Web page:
One thing I like about Martha’s recipes is that they normally involve ingredients the average well-stocked pantry already has on hand. I was a little light on chicken and bell peppers for this one, but that was easily remedied.

While I was out scoring bird and bells I swung by the Fine Arts Center and collected a few pounds of Pueblo chile from Doug Wiley of Larga Vista Ranch. I hadn’t known that he was still coming up on Wednesdays despite the farmers’ market being on hiatus for the winter, and there was quite a crowd of Bibleburg foodies on hand to greet him. So now you’ll know where to find me on a Wednesday afternoon.

Last but not least, while we’re speaking of food and the cooking thereof, longtime Friend of the DogS(h)ite Larry T. provides the following. I may test-fly this one over the weekend while Herself is off visiting kin in San Antone.

CycleItalia’s Quick Red Sauce

2 tablespoons olive oil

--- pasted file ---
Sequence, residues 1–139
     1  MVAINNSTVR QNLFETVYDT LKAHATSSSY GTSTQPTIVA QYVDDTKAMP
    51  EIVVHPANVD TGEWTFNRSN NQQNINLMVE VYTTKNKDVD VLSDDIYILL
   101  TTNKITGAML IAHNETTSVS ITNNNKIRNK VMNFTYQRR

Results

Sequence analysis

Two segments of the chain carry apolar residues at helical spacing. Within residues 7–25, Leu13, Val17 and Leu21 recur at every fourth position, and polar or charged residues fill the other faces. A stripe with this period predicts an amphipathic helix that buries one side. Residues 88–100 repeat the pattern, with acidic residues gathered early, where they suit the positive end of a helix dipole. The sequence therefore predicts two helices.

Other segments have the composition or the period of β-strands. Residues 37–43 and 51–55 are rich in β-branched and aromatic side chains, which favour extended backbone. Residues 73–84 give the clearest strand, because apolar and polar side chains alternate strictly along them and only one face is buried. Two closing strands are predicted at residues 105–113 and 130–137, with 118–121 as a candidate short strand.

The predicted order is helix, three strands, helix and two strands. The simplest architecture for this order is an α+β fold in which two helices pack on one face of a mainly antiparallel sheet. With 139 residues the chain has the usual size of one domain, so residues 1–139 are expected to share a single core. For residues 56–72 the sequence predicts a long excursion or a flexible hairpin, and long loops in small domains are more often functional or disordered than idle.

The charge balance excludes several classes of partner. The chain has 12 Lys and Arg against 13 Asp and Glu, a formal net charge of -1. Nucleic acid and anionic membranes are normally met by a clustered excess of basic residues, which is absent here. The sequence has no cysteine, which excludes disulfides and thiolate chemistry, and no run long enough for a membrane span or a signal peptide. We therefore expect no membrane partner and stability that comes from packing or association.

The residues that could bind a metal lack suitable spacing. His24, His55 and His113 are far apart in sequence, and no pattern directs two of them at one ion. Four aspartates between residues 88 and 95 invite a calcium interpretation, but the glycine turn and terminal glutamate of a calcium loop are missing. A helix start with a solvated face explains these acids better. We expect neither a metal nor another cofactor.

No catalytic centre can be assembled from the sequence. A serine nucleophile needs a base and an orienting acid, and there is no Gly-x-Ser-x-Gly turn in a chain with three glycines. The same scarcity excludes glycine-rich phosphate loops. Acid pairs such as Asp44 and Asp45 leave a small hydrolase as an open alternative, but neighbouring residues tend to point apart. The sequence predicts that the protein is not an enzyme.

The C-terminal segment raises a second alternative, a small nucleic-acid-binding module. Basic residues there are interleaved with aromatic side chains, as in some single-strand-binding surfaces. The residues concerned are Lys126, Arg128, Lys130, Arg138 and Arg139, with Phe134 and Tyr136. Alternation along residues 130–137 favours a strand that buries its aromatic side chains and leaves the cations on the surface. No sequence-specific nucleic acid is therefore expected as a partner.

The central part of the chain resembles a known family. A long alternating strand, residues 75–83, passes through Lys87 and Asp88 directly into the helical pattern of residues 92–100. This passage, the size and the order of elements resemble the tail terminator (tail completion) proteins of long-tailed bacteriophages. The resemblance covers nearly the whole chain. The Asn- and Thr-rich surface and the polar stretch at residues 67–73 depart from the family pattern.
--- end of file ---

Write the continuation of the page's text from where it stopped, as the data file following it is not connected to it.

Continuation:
Half a small onion, chopped fine

1 clove garlic, crushed and minced

1 pinch red pepper flakes

A splash of red wine

1 cup tomato sauce (the better your basic ingredient here is, the better the sauce will be, but the cheapo canned stuff works fine).

Salt and additional pepper to taste

In saucepan over medium heat sauté the onion, garlic and red pepper until just soft, not brown.

Pour enough wine to just cover and let evaporate for a minute or two.

Add in the tomato sauce and stir well, then reduce heat until it’s just bubbling on the edges. Simmer for at least 20 minutes and up to an hour if you have time.

Variation: Pasta all’Arabbiata (Angry Pasta)

To make a spicy version of red sauce, just add more red pepper flakes to the sauce—about ¼ to ½ teaspoon, depending on your taste, and garnish with chopped parsley rather than basil.

Italians do not sprinkle grated cheese on arabbiata — drizzle on a bit of the best extra virgin olive oil you have instead.

Awright awready

September 1, 2010
It's not music that soothes the savage breast, it's pasta and vino.

It's not music that soothes the savage breast, it's pasta and vino.